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Why Is Trump Seeing Red Over France’s ‘Google Tax’?
French unilateral efforts to fix loopholes in global tax rules are adding fuel to the trans-Atlantic trade spat.
France’s decision this month to levy a tax on big technology firms—dubbed the “Google tax”—has sparked another trade fight with Washington and prompted U.S. President Donald Trump to threaten retaliatory tariffs against French products. So far, Paris is all alone—but it may not be for long. Other European countries, including the United Kingdom and Spain, are preparing their own versions of the digital tax, and other big tech countries such as India are considering similar measures. The once-arcane question of tax liability for digital firms is sure to play a big part in the upcoming G-7 summit next month in France, where French President Emmanuel Macron hopes to forge a global solution to an increasingly thorny problem.
What exactly is the Google tax?
France just passed new legislation that went into effect this week that levies a 3 percent tax on the revenues—not profits—that technology firms earn inside the country. The measure is meant to close loopholes in existing international tax law that lets firms earn money in one place—say, France—while having their headquarters and tax liability somewhere else.
Its impact on the French Treasury is likely to be modest, with estimates of annual receipts on the order of $450 million to $550 million, though the political symbolism is huge—Macron cut taxes in response to “yellow vest” protesters and needs to find a way to curb the looming budget deficit.
And France, like many countries in Europe, has spent years trying to come to grips with the tax and competition implications of (largely foreign) technology firms. Outgoing European Union Competition Commissioner Margrethe Vestager famously targeted big tech firms, especially Google and Amazon, for more antitrust scrutiny, and the epitaph for the departing European Commission is basically one of struggling to shoehorn new economic models into existing regulatory frameworks.
Why is France going it alone?
France and other European countries tried to forge an EU-wide solution to the digital-tax dilemma, but as with so many issues inside the EU, consensus was elusive. A bloc of mostly Nordic countries and Ireland, which have big tech sectors, scuppered the idea.
But France, while first out of the gate, isn’t likely to remain alone for long. The U.K. is planning to implement a very similar digital tax measure in 2020. Spain and Italy are also close to introducing their own measures, as is New Zealand. India is taking a different route to achieve the same goal, proposing a change in tax rules to apply the same tax treatment to technology firms as to physical concerns.
The move didn’t go down well in Washington.
The French measure, unsurprisingly, has sparked threats of reprisal in Washington. Even before the French law had passed, the United States opened a trade investigation under so-called Section 301 authorities—the same authority used to start the trade war with China.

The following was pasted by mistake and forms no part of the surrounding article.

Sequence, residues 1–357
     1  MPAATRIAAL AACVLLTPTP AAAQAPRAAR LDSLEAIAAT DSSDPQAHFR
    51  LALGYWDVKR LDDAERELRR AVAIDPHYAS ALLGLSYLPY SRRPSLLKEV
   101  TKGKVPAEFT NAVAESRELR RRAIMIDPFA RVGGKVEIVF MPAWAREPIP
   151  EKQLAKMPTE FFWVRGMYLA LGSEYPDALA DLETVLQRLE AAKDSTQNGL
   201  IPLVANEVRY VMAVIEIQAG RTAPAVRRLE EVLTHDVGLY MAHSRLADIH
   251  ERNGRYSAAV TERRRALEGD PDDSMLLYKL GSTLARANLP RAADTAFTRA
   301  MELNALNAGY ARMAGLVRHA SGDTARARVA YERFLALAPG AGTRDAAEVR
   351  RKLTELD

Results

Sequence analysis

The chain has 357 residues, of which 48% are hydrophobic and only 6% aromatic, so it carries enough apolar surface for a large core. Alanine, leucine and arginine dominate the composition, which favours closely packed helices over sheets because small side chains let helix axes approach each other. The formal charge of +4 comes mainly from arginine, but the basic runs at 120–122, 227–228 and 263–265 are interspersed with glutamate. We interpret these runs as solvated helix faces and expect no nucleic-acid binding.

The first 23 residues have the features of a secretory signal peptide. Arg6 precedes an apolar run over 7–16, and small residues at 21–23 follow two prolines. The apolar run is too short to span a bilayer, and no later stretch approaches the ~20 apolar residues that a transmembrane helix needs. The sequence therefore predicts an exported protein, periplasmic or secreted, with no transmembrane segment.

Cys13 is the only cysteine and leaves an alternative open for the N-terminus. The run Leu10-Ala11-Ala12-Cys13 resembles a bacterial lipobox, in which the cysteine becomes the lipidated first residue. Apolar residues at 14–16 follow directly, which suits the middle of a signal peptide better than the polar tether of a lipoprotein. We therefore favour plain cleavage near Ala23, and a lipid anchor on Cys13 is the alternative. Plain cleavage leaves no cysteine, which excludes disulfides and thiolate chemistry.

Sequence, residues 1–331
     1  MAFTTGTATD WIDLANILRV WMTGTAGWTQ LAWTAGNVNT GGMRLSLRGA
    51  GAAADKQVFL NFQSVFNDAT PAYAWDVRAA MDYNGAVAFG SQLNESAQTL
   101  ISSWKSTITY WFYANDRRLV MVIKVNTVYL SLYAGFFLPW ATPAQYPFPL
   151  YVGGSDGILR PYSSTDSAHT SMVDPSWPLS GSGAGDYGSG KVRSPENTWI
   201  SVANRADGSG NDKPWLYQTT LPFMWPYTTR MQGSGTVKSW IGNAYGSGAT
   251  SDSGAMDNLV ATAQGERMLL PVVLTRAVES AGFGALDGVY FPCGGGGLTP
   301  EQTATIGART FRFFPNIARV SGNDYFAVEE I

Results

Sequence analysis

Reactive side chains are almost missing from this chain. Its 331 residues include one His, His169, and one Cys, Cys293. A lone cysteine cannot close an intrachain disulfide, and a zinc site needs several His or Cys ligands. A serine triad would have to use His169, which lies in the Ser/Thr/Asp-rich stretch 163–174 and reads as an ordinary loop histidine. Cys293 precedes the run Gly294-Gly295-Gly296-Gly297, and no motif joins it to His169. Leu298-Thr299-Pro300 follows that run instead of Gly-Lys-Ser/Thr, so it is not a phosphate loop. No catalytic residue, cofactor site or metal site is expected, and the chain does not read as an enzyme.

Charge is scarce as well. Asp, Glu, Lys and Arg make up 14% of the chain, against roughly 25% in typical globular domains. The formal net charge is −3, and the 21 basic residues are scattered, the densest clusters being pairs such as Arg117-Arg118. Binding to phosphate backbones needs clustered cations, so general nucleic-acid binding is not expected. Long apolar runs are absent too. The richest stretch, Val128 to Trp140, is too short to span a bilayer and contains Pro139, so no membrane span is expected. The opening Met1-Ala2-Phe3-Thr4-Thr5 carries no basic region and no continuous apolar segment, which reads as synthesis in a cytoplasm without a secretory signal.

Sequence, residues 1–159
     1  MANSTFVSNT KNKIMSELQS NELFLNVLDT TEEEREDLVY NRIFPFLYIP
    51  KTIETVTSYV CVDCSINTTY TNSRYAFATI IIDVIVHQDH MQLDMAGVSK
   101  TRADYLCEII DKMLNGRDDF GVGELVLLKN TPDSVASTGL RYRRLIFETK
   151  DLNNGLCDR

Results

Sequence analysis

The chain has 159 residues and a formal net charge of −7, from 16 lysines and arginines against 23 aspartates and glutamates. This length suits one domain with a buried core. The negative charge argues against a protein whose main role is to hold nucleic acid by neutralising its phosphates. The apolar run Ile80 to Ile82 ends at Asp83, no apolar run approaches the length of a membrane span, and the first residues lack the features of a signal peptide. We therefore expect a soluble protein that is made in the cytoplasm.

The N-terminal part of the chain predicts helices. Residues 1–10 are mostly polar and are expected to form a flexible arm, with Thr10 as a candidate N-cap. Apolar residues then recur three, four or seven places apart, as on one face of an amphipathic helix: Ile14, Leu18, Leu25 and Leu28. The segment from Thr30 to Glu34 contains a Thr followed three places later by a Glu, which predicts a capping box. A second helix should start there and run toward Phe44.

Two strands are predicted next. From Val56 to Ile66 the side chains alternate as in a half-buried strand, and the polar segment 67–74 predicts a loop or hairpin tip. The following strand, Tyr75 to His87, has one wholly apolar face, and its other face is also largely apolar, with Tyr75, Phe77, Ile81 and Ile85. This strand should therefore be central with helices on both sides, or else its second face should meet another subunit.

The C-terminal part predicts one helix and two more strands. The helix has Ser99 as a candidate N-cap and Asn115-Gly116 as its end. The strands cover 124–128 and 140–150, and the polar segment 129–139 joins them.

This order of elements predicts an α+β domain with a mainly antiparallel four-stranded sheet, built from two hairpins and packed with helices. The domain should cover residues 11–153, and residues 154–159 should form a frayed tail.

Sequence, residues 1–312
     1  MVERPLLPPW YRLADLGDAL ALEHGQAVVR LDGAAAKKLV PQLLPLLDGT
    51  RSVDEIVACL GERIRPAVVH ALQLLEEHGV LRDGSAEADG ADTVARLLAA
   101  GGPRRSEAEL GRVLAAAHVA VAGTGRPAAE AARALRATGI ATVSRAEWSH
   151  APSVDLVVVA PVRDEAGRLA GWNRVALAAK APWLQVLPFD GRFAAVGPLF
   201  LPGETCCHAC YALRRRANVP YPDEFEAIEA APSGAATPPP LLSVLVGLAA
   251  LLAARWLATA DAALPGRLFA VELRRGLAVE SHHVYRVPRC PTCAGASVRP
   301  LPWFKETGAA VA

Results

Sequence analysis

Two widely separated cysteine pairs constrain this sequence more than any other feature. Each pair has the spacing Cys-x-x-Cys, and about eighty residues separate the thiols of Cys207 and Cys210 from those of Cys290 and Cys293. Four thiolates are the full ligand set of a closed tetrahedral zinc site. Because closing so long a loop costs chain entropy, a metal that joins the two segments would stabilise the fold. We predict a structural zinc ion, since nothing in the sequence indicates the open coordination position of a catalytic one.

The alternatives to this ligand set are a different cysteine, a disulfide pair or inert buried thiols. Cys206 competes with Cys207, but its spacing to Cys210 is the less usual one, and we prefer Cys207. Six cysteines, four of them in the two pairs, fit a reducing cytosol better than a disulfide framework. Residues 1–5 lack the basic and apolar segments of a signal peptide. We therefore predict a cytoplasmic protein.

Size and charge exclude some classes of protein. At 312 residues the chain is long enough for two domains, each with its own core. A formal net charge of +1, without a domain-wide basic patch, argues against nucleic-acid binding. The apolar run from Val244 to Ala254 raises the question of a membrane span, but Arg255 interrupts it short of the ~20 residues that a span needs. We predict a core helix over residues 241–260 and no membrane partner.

Trump himself lambasted what he called “Macron’s foolishness” and threatened to raise U.S. tariffs on French wines, which the teetotaler said were inferior to American vintages. (He later clarified that, as a nondrinker, he just knows that U.S. wines “look” better, though any tariffs on foreign wines could only help his own Virginia-based vineyard.) The French agriculture minister replied in kind, labeling the president’s comments “completely moronic.”
From the U.S. point of view, the French measure unfairly targets U.S. firms, since American companies dominate the technology space. In fact, in many countries, the digital tax is known informally as the GAFA tax—short for Google, Apple, Facebook, and Amazon. France counters that European and Chinese firms will also be on the hook, and that the measure is meant to modernize the tax code, not single out one country for harsher treatment.
The upshot is that France’s unilateral move adds more fuel to the dumpster fire that is trans-Atlantic trade relations, which have been in an uneasy standoff for the past year. The two sides have been unable to even start real negotiations on a trade deal, as they have wildly different starting points. The United States wants to pry open all of Europe for U.S. agricultural exports, to which the French and others have repeatedly said no. Hanging over it all is the continued threat of U.S. tariffs on imports of European cars and car parts, which would be a huge blow to France and especially to Germany.
France’s digital tax just adds one more irritant to a relationship already estranged by bitter disagreements over defense, climate change, Iran, the China challenge, and more.
So what’s next?
The G-7 summit late next month in France will be a first chance for France and the United States to grapple with the issue and see if they can build momentum for some sort of global solution. Paris says it hopes to reach some sort of understanding with Washington and other big economies that will allow it to eventually substitute its unilateral measure for a global one.
The problem is that unilateral consensus is hard to find. The EU, the OECD, the G-7, and the G-20 have all wrestled for years with the question of how to bring early 20th-century tax rules in line with the 21st-century economy, where companies don’t need a big physical presence in a country to rake in revenue and profits. France is hoping its opening move may be just enough pressure to break the years-long deadlock.